It was also the year in which two mighty salvos were fired in the battle of ideas about political economy: Karl Polanyi's 'The Great Transformation' and F.A Hayek's 'The Road to Serfdom'.
Both texts have the rare quality of being intimately linked to their context while retaining the power to inform today's debates.
Hayek's work is arguably more famous and influential, courtesy of his status as one of the 20th Century's great economists and role in shaping the 'neoliberal' revolution and its leaders: Thatcher and Reagan (and in Australia, John Howard) all regarded Hayek as a guiding light.
'The Road to Serfdom' tried to hang fascism and communism by the same noose, arguing that both had the same roots in denial of individual freedom and overarching belief in the state. More explosively, Hayek argued that even seemingly benign state interventions in the economy - such as the welfare state and demand management (e.g. fiscal stimulus) - were likely to result in deprivation of liberty and authoritarian government as the 'planners' took over.
Hayek's book was a direct challenge to the Keynesian consensus that emerged in Britain and the US during and after World War II. Later, it would shape the neoliberal reaction that swept the Anglosphere from the 1970s.
Polanyi's book will never be as iconic but provides a compelling alternative to Hayek's neoliberal interpretation of modern political economy.
'The Great Transformation' begins with an examination of how the Industrial Revolution ruptured the fabric of British society in the 18th and 19th centuries. Polanyi shows how the creation of national markets for labour and land was based on the belief that economic forces were autonomous and could not (and should not) be subject to social control. The result was a dizzying increase in production accompanied - and driven by - a stagnation in the wages and living conditions of the working poor.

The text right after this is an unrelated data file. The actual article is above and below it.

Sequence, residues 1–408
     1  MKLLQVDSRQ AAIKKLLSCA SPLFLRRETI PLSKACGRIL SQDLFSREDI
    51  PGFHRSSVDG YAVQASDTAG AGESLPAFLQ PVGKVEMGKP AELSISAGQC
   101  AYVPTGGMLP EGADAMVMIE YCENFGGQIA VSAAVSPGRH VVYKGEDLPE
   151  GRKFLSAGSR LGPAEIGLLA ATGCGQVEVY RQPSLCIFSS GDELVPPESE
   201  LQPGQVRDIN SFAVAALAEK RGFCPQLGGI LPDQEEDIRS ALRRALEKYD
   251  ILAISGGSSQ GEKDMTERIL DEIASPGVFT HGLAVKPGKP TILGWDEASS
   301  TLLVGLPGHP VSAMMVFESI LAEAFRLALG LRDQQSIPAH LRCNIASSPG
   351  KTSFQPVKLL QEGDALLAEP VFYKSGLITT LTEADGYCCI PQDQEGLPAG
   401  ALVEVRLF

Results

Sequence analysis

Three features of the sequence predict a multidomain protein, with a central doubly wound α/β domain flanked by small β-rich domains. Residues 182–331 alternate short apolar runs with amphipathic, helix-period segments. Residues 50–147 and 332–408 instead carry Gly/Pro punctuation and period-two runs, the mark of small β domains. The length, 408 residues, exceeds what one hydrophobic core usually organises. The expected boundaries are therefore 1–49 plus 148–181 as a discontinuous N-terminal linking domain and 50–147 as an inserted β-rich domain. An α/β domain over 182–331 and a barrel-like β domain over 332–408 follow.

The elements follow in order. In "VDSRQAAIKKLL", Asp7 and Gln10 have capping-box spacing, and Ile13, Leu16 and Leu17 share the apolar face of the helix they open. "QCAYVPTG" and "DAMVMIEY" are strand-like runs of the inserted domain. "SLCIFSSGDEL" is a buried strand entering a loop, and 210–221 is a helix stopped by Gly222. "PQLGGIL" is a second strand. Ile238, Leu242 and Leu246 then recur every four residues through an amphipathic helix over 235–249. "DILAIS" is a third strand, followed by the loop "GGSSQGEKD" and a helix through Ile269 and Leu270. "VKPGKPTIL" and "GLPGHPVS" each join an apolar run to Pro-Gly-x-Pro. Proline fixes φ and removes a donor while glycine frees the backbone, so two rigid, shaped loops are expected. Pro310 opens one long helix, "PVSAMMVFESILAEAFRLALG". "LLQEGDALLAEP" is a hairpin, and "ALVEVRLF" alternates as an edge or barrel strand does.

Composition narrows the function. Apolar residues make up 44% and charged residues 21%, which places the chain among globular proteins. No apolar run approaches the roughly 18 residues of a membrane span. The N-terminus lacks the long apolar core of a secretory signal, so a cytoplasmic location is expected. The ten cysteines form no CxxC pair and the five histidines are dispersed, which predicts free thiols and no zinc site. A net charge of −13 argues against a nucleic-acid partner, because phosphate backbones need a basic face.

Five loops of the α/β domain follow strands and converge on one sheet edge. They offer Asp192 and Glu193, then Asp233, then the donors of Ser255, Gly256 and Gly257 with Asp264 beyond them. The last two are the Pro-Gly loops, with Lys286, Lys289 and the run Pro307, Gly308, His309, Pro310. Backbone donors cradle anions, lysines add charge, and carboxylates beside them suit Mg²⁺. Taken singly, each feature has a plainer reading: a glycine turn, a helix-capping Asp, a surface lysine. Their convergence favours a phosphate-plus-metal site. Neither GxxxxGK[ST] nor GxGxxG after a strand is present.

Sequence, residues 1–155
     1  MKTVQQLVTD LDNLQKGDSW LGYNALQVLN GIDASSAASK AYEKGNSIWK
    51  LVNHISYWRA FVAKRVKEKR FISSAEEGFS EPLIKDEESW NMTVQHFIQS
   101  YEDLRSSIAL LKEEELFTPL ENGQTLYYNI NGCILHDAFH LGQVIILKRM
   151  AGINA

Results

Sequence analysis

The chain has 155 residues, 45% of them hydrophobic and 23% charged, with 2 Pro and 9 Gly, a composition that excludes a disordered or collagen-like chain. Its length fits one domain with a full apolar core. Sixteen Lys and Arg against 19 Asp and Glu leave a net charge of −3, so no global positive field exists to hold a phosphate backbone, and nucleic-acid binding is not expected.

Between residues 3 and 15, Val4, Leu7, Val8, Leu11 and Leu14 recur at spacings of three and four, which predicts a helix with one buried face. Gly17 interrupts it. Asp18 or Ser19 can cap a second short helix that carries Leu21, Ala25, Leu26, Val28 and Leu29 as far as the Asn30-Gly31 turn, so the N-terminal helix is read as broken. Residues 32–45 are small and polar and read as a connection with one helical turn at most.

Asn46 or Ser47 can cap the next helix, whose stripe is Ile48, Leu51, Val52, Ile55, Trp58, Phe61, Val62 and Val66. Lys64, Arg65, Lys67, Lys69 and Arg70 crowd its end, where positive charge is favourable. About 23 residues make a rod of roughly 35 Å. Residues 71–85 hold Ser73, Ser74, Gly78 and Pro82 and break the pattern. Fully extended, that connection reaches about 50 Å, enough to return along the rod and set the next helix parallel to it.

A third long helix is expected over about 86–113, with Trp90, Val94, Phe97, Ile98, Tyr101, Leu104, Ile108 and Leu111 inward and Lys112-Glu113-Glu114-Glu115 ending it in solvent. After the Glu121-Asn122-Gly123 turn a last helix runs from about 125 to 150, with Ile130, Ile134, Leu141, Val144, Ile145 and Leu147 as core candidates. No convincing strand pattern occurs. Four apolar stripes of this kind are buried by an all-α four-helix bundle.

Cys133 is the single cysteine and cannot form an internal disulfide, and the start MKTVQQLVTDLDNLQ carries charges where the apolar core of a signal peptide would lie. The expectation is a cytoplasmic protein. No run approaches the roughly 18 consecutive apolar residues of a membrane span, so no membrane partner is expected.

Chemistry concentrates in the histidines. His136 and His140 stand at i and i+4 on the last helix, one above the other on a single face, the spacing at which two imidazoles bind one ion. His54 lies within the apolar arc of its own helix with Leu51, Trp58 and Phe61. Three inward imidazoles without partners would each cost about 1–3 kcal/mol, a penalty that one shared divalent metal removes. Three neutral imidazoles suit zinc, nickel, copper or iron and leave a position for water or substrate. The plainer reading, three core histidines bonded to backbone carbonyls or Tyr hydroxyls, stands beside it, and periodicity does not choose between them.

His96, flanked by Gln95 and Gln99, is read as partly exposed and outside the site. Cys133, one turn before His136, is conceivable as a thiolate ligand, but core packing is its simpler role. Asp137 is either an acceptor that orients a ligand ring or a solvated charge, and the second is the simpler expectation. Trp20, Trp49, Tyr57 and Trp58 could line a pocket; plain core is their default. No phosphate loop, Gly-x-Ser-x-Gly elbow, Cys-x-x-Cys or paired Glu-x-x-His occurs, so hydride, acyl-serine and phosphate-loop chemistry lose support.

Polayni also argues that reactions against laissez faire in the 19th Century - labour laws, minumum wages, trade unions and 'poor relief' - were spontaneous attempts to limit the damage caused by the unfettered market, rather than a conspiracy of 'vested interests' against 'progress', as was claimed by some liberals. He dubbed this process of economic liberalisation followed by attempts at social protection as a 'double movement'.
As it turns out, both Polanyi and Hayek were right and wrong.
Hayek was right about the market economy being a more efficient and individual liberty-enhancing mechanism than command and control, but wrong in his doomsday predictions about social democracies turning into authoritarian monsters (Sweden anyone?).
Polayni was right about the legitimacy and importance of social protection in providing an acceptable level of equity but probably wrong in assuming the working class would be worse off under capitalism.
Either way, its fascinating to see how many of these debates resonate in the current (post?)-GFC climate - think of the term 'market fundamentalism' (made popular in Australia by our very own Prime Minister) or anxieties over the corrosive effect of 'middle-class welfare'.
It all goes to show while the guns of Normandy have died down, the battle of 1944 continues...